The novels that Brown produced were conscious attempts to combine elements from these various traditions into something new, something intrinsically American: an “American novel, built around native scenery, native incidents, blended into the form and style of his European models” (Nye 1982: 321). His awareness of pioneering a new literary form in a new country seeking to define itself is made most explicit in his “To the Public” note at the start of Edgar Huntly, where he proposes that the American Indian and American wilderness will substitute in his novel for “Gothic castles and chimeras” (Brown 2006a: 4). Taking Gothic elements of the American experience and discourse as inspiration and raw material, Brown overlaid the available literary templates, stretching and reshaping them as needed, to produce the first American Gothic novels.

Charles Brockden Brown and the Invention of the American Gothic

In my study of Charles Brockden Brown (Weinstock 2012), I assert that, beyond publishing the first American Gothic novel with Wieland, Brown must be recognized as an important innovator within four subcategories of the Gothic: the psychological, the frontier, the urban, and the female. In brief, starting with the psychological Gothic, although Edgar Allan Poe is generally regarded as the Gothic author who shifted the focus of fear away from external threats and emphasized instead the irrationality of the human mind (see, for example, Bloom 2007 and Fisher 2002), what stands out most clearly about Brown's novels is their critique of Enlightenment rationality and Lockean sensationalist psychology that presumes the mind to be able to draw accurate inferences based on sensory perception. Well before Poe and Sigmund Freud, Brown presents to the reader a model of human cognition that emphasizes the uncertainty of assumptions based on sensory impressions and the unsettling power of the human unconscious. In Brown's fiction, it is the mind, rather than the external world, that is a haunted space. This psychological Gothic drama, while evident in all of Brown's novels, is most obvious in his first, Wieland, and his last, Edgar Huntly.

Deriving inspiration from the case of James Yates, a man who in 1781 heard voices and murdered his wife and three children in upstate New York, Wieland recounts the horrible events that befall the narrator Clara Wieland, her brother Theodore, and a close circle of family and friends who are at the center of a series of baffling events. First, Wieland, Sr. bizarrely dies from what seems to be spontaneous human combustion. A number of years later, mysterious voices are heard making prophecies, offering warnings and plotting to kill Clara. These events culminate in Theodore's belief that he has been commanded by God to sacrifice his family: he murders his wife and four children and unsuccessfully pursues Clara to complete his bloody business.

The central question at the heart of Wieland is what to make of the mysterious voices. Most of the strange happenings can be attributed to the machinations of a stranger named Carwin, a “biloquist” or ventriloquist who confesses to misleading the Wielands and Clara's suitor, Henry Pleyel. Carwin, however, steadfastly maintains that the voice commanding Theodore to render up his family to God was not his, thus allowing for three explanations: Carwin may be lying and Theodore's actions were precipitated by human intervention; Wieland is mad and the voices in his head compelling him to kill were his own; or, like Abraham in the Bible, commanded by God to sacrifice Isaac, Theodore truly did hear the voice of God. While the novel does not conclusively answer this question, the text does insistently thematize the precariousness of conclusions drawn from sensory data and the irrationality of human cognition. As both Looby (1996) and Hagenbüchle (1988) maintain, Brown in Wieland essentially calls into question the human ability to access truth and to be certain of anything at all. In the process, the novel also offers a rationalist critique of the kind of religious zealotry embodied by figures such as Jonathan Edwards, and exemplified in the text by Wieland, Sr.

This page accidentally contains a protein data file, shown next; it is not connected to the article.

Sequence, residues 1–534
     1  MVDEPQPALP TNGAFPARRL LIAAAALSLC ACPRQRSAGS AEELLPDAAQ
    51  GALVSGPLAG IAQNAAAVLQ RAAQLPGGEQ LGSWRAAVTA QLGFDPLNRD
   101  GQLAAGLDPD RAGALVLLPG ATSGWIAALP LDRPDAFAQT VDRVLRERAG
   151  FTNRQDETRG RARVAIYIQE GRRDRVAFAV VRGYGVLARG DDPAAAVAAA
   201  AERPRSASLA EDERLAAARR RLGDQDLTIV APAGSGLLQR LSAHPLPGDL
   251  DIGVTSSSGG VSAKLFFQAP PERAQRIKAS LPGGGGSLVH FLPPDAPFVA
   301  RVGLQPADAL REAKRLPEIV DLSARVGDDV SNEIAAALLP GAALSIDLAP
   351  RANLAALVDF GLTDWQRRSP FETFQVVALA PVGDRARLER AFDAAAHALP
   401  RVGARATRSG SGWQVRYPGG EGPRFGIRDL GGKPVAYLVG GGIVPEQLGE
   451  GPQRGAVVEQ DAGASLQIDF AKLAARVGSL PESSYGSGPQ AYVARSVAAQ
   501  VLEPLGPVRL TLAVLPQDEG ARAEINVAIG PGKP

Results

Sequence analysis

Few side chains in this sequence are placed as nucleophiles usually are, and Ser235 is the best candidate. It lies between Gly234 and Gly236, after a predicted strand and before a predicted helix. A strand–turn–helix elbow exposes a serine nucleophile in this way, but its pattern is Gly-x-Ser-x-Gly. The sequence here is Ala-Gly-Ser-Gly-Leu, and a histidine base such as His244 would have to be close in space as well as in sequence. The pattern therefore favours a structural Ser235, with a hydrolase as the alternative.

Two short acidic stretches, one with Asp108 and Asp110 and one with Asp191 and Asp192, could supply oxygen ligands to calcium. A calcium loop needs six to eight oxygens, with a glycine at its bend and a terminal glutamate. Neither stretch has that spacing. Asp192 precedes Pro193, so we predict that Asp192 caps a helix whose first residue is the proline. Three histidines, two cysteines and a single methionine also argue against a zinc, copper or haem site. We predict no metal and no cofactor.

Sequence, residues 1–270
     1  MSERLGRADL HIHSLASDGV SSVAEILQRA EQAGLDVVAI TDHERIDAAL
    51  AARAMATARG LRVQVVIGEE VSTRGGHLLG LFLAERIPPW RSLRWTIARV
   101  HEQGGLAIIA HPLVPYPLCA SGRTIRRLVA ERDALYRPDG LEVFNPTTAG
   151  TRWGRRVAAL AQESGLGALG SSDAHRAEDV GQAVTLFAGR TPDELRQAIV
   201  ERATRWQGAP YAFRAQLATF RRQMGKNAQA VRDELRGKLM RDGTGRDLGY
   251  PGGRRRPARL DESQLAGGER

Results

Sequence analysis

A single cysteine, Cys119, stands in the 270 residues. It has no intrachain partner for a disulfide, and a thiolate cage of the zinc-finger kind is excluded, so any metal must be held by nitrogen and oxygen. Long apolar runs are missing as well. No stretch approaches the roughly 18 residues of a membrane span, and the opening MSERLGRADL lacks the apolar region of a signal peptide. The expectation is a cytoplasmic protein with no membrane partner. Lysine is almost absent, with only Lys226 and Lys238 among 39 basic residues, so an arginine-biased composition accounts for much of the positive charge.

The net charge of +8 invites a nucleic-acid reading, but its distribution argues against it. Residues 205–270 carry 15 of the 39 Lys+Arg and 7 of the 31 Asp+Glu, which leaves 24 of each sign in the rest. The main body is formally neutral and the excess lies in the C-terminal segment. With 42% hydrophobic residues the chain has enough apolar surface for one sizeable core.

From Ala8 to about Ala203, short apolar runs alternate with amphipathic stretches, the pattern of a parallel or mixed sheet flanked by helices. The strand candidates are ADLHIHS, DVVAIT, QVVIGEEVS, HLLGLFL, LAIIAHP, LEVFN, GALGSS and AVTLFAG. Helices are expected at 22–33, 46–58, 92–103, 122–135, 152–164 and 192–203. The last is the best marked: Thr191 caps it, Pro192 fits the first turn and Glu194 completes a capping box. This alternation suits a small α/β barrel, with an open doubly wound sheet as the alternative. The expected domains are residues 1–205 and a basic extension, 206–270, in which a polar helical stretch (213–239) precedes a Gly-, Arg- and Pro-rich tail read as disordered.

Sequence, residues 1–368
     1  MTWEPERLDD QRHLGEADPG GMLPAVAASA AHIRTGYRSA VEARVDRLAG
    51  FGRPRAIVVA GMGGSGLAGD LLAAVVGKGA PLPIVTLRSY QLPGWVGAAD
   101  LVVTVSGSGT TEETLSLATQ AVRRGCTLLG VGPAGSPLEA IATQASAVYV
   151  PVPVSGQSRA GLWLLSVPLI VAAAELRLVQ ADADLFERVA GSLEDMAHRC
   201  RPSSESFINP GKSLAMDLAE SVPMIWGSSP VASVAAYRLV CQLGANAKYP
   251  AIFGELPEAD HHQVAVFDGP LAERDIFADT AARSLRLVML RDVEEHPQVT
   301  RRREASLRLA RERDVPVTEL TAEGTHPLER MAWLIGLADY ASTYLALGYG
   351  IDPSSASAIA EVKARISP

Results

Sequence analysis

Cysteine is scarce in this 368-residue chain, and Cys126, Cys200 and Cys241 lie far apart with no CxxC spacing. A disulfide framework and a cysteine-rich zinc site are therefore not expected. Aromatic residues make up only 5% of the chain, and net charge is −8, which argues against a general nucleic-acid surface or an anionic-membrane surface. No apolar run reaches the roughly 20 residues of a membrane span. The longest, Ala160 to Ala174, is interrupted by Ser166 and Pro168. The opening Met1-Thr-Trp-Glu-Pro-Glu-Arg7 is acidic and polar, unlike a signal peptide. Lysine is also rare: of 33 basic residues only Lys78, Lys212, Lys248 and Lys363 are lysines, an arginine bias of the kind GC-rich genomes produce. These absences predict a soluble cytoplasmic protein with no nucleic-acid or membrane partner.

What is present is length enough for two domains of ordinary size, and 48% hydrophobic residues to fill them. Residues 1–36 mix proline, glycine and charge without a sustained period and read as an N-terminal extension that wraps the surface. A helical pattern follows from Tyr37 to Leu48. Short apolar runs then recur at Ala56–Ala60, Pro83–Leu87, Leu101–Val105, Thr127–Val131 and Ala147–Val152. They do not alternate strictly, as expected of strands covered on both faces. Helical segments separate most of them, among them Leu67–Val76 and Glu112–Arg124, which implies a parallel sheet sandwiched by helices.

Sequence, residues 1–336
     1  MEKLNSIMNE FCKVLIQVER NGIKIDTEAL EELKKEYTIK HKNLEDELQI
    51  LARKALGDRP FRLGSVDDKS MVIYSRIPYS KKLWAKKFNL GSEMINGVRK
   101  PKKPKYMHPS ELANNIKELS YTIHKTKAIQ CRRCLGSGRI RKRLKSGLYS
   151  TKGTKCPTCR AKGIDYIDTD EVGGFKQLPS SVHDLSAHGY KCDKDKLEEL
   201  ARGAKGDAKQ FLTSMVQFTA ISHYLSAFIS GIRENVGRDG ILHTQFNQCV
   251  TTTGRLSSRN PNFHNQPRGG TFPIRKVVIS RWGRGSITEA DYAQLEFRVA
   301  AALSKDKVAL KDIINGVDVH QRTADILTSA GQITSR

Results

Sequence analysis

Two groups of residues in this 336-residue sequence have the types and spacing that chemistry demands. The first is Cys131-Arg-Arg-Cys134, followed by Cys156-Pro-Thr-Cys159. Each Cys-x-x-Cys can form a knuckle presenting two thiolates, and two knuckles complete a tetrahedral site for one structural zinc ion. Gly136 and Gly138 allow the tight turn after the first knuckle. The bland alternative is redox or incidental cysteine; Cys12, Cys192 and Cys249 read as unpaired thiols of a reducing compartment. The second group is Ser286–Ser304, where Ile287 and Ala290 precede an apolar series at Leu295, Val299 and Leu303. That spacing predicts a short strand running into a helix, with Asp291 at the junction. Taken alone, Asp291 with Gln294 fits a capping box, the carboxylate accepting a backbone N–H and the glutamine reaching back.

These themes of the precariousness of human assumptions and the irrationality of human impulses are developed most fully in Brown's fourth novel, Edgar Huntly. Edgar Huntly is ostensibly a murder mystery, as the eponymous protagonist attempts to track down the killer of his friend Waldegrave. Disconnections between intention and action and evidence and inference, however, are evident almost immediately as Edgar happens across an unexpected sight: a man digging in the middle of the night in the woods by the scene of Waldegrave's murder. Stranger still, Edgar concludes that the man, identified later as Clithero Edny, is asleep. This, in a nutshell, is the fundamental premise informing all of Edgar Huntly: human beings are not always or even mostly in control of themselves. Unconscious impulses and repressed desires and anxieties move individuals in ways of which we are not aware.

As the novel progresses, stranger and stranger things continue to happen to Edgar. Not only has Waldegrave been murdered, but also a packet of his letters entrusted to Edgar by Waldegrave disappears. Most dramatically, Edgar wakes up in the dark in a pit. The letters, he presumes, must have been stolen, although why anyone would want them or how anyone could find them is a mystery. As for ending up in the pit, Edgar is baffled, but concludes when he finds Indians in possession of his musket that he must have been knocked over the head, kidnapped and deposited there. The truth that the reader discovers at the end is that Edgar himself is the thief in the night who removed Waldegrave's letters, and that Edgar is responsible for his own interment in the pit: Edgar, mirroring Clithero, is also a sleepwalker. Well before Poe and Freud, what Brown presents in Edgar Huntly is a picture of a world in which the individual cannot be certain of anything, and in which to be haunted is the fundamental human condition. The realization at the heart of Brown's psychological Gothic is that the psyche is essentially a haunted space.